FRANKFURT (Reuters) - Germany’s ThyssenKrupp (TKAG.DE) has agreed to compensate buyers of its U.S. steel plant for any underperformance in the next few years to seal a long-awaited deal to be outlined later on Friday, two people familiar with the transaction said.
The buyers, a consortium of ArcelorMittal ISPA.AS and Nippon Steel & Sumitomo Metal (5401.T), will pay about $1.5 billion for the steel finishing plant in Calvert, Alabama, three people said.
“There is a compensation mechanism in place that could have a negative impact for ThyssenKrupp over the next couple of years,” one of the sources said. “In the best case, ThyssenKrupp will not have to grant any compensation.”
ThyssenKrupp has been trying for more than a year and a half to find a buyer for its Steel Americas unit - comprised of the U.S. plant and steel slab mill CSA in Brazil - which has drained billions from the company for the past few years.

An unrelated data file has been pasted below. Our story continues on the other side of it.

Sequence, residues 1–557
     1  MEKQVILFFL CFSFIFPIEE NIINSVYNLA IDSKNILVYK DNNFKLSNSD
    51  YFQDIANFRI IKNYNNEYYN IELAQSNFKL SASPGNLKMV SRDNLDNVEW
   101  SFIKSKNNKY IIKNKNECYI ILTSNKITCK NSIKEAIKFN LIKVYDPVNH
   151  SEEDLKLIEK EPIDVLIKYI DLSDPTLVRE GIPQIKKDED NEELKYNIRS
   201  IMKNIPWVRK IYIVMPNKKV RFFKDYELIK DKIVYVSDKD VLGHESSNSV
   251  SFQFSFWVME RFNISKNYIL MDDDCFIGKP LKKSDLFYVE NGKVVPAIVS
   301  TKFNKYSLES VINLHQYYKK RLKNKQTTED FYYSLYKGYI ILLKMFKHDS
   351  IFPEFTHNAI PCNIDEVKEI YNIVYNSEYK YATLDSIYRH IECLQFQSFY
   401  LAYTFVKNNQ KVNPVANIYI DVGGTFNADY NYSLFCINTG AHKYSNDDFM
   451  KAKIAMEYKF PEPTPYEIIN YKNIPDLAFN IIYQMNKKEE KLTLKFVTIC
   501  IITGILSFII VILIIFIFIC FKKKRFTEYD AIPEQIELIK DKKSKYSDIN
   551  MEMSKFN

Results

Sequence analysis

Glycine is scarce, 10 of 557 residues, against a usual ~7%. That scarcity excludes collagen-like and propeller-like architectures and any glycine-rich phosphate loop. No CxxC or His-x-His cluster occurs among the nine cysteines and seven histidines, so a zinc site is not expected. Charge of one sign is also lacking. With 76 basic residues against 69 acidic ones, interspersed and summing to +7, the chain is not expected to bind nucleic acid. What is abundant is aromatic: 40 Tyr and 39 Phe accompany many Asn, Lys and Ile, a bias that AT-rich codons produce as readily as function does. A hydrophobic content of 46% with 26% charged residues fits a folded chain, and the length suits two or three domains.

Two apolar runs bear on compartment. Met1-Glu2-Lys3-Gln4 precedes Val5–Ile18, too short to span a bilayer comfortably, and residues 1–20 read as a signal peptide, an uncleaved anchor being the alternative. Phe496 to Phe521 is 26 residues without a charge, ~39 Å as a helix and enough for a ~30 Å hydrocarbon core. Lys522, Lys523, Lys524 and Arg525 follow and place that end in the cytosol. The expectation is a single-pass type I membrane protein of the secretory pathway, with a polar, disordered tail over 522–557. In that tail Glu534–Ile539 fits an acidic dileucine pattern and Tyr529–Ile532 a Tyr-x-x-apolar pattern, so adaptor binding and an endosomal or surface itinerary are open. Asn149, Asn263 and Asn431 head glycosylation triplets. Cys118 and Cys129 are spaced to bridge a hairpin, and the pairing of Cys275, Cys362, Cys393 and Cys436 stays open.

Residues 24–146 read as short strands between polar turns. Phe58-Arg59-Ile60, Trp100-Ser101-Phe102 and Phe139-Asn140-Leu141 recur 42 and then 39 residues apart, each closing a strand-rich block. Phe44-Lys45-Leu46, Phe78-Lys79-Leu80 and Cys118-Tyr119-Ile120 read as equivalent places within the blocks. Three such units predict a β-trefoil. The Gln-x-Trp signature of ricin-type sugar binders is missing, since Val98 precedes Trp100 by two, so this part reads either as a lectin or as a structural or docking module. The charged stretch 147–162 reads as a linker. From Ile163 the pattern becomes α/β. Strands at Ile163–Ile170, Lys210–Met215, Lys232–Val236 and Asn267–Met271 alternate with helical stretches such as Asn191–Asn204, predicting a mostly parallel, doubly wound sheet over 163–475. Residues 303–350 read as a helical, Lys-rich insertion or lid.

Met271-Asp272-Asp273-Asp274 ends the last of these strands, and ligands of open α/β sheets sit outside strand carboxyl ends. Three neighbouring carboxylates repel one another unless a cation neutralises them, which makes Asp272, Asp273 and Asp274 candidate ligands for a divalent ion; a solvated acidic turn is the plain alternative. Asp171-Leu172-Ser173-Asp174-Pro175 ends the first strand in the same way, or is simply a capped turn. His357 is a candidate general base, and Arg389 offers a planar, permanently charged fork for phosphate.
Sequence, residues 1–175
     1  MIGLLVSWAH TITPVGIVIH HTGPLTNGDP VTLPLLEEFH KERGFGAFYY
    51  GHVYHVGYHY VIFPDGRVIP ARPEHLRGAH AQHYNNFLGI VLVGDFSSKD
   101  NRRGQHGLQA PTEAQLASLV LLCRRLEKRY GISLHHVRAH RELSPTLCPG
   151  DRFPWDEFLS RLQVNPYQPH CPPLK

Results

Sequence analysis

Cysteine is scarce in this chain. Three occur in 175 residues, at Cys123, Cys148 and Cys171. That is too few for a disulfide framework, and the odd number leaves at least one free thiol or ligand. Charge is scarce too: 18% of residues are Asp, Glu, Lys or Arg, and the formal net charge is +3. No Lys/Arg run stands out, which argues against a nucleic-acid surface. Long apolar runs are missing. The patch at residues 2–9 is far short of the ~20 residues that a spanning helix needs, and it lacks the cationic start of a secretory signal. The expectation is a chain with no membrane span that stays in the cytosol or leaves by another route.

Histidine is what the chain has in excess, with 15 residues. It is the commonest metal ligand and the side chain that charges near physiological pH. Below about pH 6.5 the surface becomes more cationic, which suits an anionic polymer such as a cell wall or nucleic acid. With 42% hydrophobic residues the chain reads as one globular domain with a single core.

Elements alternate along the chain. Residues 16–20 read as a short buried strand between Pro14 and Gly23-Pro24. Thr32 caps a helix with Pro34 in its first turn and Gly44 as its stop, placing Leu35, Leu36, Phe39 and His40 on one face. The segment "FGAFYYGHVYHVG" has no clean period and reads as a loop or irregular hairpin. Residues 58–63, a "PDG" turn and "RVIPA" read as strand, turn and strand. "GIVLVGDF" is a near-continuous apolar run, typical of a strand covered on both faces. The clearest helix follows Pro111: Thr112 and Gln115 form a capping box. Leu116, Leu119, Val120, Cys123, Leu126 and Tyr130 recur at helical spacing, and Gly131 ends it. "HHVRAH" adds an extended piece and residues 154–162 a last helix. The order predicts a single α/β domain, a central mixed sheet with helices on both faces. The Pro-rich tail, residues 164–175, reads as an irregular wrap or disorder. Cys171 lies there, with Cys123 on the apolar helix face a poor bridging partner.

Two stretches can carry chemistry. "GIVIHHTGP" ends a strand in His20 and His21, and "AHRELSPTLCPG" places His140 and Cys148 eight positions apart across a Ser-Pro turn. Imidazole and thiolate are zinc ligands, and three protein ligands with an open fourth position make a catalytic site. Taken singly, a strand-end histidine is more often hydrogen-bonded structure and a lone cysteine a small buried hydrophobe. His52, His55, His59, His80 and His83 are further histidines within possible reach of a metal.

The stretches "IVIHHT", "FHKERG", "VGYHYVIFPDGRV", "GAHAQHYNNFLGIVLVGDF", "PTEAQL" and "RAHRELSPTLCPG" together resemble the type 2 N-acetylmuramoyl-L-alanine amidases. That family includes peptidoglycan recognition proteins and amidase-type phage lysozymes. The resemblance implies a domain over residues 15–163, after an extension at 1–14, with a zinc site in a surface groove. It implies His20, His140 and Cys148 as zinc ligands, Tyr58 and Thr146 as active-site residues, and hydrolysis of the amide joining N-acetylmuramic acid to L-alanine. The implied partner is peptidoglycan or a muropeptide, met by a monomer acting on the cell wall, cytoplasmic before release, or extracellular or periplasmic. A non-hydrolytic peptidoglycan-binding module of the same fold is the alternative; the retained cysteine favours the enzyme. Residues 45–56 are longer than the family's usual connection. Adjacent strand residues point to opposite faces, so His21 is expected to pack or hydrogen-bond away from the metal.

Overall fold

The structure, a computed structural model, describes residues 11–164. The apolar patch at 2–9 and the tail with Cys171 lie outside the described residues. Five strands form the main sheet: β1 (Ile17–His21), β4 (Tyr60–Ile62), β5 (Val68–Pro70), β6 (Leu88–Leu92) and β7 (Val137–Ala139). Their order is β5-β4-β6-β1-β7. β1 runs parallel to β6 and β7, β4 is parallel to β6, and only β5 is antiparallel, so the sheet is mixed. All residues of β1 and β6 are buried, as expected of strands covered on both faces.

Analysts said it was not surprising that ThyssenKrupp offered concessions to achieve a sale, but said they would have to see the details to judge if it was a good deal.
The agreement was likely to be announced after the close of U.S. share trading at 1800 GMT, the sources said. The stock market is closing three hours early on Friday due to this week’s Thanksgiving holiday.
The deal paves the way for a much-needed capital increase at ThyssenKrupp, with several bankers saying they expected such a move as early as Monday evening.
A spokesman for ThyssenKrupp declined to comment, pointing to the group’s November 19 statement that it was in exclusive negotiations on the potential sale of the Calvert plant.
ThyssenKrupp, which is due to publish financial results for its full fiscal year through the end of September on Monday, also said at the time that the talks included a long-term supply contract for CSA in Brazil.
A spokeswoman for ArcelorMittal referred back to comments made at the time of its third-quarter results, when company executives said they remained interested in the plant. She declined to comment further. Nippon Steel was not immediately available for comment.
Additional reporting by Matthias Inverardi; and Clara Ferreira-Marques; writing by Arno Schuetze and Maria Sheahan; editing by Tom Pfeiffer